Since all new episodes of "Oprah" are set to automatically record on my DVR, I know that I'm fulfilling at least one stereotype of a Stay at Home Mom: I watch most epis of "Oprah." Check. They often make me cry. Check, Check. I am their target audience. I am the woman at home in my sweatpants that the producers consider when they sit around hashing out all the moments when Ope will pause in between interruptive questions in case a few tears want to creep out and slither down her cheeks. (Have you ever seen Ope do the ugly cry? Me either.) And today I watched the one about the case of the two Indiana college girls and the mistaken identity, and of course I cried. I can't remember what triggered my tears, but I know it was something said about being a parent and receiving the call every parent dreads. Prior to this, I read a blog entry by a woman who had lost her daughter at six weeks. Possibly the first time a blog has ever caused me to well up with tears.
What I know is this - a year ago, this would not have happened. Sure I wouldn't have been watching Oprah or reading mom blogs. But I also wouldn't have had the visceral reaction to them either. Motherhood has absolutely wrecked me. And it has wrecked me for the better.
I knew I would love my daughter and I knew I would experience joy and pain as a parent. But I thought the pain part would come much, much later. Yet, each day, my heart swells and contracts with my utter thanks that I can be a part of nurturing something so vulnerable, and with a sobering knowledge that this creature is only on loan to me for a little while. She's only mine to hold for a couple of years, only mine to instruct for a few more. I may only have her heart for what in God's time is a lunch break, and tomorrow I will go to pick her up from her crib and she will have the sides of it covered in posters of Goth rockers, the banisters strung with Christmas lights.
Before I saw Baby Girl, I was in labor for 44 hours, 33 of which I was hooked up to a fetal monitor. I obsessively watched her heartbeat. I didn't want to go to sleep in case it dropped. When I was splayed out on the operating table during the c-section, they put an oxygen mask over me and I kept taking it off every five minutes to ask the nurse how her heart was beating. Her heart was already in my hands, but I have known for a little while that she also held mine.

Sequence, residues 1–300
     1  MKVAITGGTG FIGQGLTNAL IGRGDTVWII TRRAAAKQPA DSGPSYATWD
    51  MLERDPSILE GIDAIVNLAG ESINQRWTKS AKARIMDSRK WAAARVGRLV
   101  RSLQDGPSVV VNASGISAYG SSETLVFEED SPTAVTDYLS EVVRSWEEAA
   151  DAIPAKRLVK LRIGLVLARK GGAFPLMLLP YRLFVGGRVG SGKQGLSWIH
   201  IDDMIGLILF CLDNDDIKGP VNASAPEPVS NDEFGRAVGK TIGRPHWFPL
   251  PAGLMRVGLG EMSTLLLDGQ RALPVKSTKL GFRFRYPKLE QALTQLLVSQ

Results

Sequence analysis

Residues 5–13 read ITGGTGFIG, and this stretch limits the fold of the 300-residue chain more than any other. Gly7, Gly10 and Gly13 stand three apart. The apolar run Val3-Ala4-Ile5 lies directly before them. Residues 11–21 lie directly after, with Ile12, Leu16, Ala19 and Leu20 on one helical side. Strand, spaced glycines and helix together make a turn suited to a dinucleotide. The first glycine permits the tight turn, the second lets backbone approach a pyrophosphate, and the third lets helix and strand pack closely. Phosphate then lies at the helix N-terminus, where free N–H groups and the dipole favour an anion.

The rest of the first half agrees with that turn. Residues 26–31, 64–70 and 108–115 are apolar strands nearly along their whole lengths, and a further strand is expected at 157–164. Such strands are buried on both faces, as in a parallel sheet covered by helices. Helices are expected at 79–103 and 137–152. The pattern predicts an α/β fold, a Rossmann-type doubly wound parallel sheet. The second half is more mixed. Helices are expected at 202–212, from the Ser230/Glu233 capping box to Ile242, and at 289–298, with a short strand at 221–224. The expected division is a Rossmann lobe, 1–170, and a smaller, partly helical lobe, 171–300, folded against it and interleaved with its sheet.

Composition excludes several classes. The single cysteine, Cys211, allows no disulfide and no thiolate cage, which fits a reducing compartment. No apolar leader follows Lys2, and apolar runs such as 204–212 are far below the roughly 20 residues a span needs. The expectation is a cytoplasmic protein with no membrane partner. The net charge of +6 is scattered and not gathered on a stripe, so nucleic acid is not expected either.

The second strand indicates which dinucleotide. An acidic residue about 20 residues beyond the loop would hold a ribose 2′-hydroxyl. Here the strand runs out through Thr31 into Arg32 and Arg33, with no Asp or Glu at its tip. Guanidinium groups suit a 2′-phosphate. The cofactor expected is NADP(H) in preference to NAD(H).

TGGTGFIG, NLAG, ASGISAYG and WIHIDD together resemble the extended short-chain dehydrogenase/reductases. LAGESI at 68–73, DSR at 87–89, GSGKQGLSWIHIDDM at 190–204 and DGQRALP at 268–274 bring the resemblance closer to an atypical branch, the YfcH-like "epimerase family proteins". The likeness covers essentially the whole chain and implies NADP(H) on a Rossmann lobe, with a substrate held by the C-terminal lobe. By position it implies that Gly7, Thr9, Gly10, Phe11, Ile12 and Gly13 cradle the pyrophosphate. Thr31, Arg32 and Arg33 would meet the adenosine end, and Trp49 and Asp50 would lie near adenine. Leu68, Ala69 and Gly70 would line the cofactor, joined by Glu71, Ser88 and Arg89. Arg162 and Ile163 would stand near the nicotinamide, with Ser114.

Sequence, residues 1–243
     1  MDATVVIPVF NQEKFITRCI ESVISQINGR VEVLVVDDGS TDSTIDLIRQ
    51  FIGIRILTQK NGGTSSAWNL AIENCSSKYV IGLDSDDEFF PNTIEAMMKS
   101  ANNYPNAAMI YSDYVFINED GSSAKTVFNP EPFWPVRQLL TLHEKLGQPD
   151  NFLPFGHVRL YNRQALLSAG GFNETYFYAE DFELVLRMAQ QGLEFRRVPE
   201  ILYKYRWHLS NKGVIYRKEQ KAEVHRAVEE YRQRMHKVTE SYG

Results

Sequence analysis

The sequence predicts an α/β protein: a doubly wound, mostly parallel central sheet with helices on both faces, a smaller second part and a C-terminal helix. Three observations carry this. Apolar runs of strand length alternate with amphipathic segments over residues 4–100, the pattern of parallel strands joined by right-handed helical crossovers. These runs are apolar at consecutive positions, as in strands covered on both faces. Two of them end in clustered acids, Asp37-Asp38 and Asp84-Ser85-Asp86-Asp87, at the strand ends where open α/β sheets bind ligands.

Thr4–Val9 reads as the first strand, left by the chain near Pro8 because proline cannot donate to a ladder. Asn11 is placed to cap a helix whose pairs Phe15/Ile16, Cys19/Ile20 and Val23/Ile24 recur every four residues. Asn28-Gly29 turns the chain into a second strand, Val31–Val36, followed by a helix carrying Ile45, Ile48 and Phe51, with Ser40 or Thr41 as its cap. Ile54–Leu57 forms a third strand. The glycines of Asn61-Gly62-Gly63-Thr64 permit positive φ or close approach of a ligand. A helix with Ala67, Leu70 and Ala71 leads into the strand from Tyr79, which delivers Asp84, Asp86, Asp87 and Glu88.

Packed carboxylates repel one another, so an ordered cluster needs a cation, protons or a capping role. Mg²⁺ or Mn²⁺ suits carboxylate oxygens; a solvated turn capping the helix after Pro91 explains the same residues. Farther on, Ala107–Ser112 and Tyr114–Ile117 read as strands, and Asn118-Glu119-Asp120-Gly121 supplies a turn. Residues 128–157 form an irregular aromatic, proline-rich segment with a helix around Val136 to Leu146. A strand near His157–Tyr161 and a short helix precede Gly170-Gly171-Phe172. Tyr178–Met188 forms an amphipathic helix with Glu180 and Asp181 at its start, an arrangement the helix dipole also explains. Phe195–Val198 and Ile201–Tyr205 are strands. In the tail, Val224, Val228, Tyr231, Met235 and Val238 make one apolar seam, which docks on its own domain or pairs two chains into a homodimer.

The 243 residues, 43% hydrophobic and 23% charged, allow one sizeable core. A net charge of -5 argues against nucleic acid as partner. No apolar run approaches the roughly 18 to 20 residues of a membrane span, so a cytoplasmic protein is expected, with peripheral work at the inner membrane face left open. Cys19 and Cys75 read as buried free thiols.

When I was an intern in college, Lovey Loverpants sent this book to me. I made the mistake of reading it on the DC Metro. Tears streamed down my cheeks, surely not as pretty as Oprah's. This is one of the most beautiful things about parenthood I've ever read, and with two months' experience under my belt, I can attest it rings true.
It might as well be mine, Casey - that heart in your hand. Still beating, still alive, but no longer with me. No longer in my control. You took it when I wasn't watching, and I will never have it back. It will always belong to me, but it will always be with you. You will hold it when I'm joyful, you will hold it in my sorrow, you will hold it when I'm cruel to you, when I laugh with you, when I question you. Even when I don't understand you, you will still be holding my heart. It will be ith you when I hold you up and when I let you down. And you will know me far better than I could ever know you, because you are holding and I am only being held...
Then one day when you leave, you will take it with you. It will still belong to me. I will wait for its return because I will always need it. But I'll not see it again - not like his, not like today. And I'll feel he ache of every moment that it's gone. Some days the ache will bruise me and some days it will almost kill me, but it will never make me sorry, because I'll always know that it's the price I've paid to be held by you. It's the price I've paid for this blessed ride in the palm of your hand.
- Marc Parent, Believing it All